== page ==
The implementation phase is where the project plan is put to work as the project manager monitors, executes and controls its implementation.

During this phase the project manager interfaces with management as required, delegates responsibilities within the framework of the project, organises resources, and communicates with all stakeholders to ensure timely and successful completion of the project. This is when the project manager uses their interpersonal skills of influencing, negotiating and communicating to resolve challenges. The project manager takes charge of:

  • Project team management and development
  • Keeping stakeholders informed and managing their expectations
  • Measuring and reporting on performance and progress
  • Monitoring and controlling cost, time and scope.
  • Monitoring risk and quality, and
  • Taking corrective action as required.


The final phase is the closure phase. This is when the project manager delivers the finished project to the owner, acknowledges contributions made to the project and documents the work. Reflecting on lessons learned ensures that this experience is passed on to assist other project managers with new projects.

This sums up “What is a project manager and what do they do?”. If you want to add any insights from your own experience, feel free to add comments using the input box below. Find out more about our project management online courses and how they can help you become a better project manager.

About the Author

Vivian’s career in professional engineering spanned 35 years of technical, business, management and governance experience. She draws on her industry experience to write articles that are practical and relevant to a wide range of readers. Her aim is to get you thinking and help you meet your continuing professional development requirements.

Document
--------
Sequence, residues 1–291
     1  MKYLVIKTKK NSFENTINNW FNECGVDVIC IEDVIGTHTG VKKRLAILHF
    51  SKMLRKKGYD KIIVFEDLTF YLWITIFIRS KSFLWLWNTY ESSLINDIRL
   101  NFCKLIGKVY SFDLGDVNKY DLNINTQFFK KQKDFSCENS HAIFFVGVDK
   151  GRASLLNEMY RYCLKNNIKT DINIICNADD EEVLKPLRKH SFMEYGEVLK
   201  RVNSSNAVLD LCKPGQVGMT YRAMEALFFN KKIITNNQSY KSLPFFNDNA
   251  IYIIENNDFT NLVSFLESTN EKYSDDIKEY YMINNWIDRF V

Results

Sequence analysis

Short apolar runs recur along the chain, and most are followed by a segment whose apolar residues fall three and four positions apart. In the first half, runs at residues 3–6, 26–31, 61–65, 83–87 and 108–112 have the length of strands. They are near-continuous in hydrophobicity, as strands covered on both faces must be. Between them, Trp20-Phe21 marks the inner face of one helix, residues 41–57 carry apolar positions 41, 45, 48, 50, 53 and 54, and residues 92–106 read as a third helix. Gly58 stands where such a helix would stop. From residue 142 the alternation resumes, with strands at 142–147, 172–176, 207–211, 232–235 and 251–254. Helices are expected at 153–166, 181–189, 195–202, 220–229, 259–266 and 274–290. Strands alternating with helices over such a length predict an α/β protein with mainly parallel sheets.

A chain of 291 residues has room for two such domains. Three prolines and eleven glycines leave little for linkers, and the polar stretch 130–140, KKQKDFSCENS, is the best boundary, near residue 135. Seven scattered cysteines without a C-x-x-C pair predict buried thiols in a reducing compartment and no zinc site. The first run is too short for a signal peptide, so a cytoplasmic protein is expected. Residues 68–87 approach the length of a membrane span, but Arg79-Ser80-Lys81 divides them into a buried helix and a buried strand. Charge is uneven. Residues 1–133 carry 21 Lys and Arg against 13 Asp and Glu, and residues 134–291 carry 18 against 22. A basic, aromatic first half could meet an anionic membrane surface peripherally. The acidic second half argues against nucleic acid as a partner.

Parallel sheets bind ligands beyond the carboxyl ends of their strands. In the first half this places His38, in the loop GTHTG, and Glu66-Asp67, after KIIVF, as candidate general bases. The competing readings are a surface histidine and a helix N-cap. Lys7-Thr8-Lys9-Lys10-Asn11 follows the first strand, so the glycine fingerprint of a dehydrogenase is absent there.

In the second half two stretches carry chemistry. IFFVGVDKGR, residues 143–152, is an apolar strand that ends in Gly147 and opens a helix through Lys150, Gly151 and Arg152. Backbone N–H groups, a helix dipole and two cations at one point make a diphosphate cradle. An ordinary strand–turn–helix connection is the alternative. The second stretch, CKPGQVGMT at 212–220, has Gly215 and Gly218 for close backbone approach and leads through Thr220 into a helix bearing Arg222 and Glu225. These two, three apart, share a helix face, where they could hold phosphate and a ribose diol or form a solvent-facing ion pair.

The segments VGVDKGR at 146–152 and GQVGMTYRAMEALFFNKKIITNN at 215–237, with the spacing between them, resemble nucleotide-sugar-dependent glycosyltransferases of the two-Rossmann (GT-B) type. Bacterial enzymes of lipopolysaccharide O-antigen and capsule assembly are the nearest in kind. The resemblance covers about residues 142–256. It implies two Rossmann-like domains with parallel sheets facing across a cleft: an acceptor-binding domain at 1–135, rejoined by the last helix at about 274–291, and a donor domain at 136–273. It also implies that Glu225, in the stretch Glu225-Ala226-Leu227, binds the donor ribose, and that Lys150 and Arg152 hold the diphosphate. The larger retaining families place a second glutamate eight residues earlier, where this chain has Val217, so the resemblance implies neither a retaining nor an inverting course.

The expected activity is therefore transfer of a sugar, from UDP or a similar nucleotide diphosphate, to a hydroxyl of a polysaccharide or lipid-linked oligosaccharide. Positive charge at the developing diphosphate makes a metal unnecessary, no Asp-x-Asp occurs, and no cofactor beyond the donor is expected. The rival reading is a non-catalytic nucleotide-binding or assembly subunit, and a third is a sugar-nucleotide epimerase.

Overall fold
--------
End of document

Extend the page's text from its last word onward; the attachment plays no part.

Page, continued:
1. ecommey says:

    i have really enjoyed this particular article, as am planning to read a course on that.
    thanks for such.

  2. ray says:

    how are project managers graded using the paterson grading methodology?

    • Hello Ray,

      The Paterson Grading Method has a number of variations, but is based on the principles that:
      – The value of any job depends on its level of responsibility.
      – Responsibility is measured by the decision making requirements of the job.
      – Decision making is a fair basis on which to evaluate and compare jobs within an organization.

      The level of decision making is evaluated using six Decision Bands (A to F)
      A: Defined decision (Unskilled workers)
      B: Automatic decision (Semi skilled workers) – eg. foreman, head clerks.
      C: Routine decision (Skilled workers) – eg. supervisory personnel, senior technical specialists.
      D: Interpretive decision (Middle management) – carry out programs developed at Band E
      E: Programming decision (Senior management) – eg. General Manager
      F: Policy making decision (Top management) – eg. Board, Council or CEO

      Each band is then divided into grades. The number of grades vary, but typically:
      – Higher for those jobs which co-ordinate or supervise other jobs or are self-co-ordinating
      – Lower for those jobs which do not co-ordinate.

      So in the Programming Band E: Higher would apply to jobs which co-ordinate programming decisions, Lower would apply to jobs which make programming decisions. There can also be a number of sub-grades within the grades.

      This job survey by PWC shows that depending on their level of seniority, project managers typically ranged from D Lower to E Lower.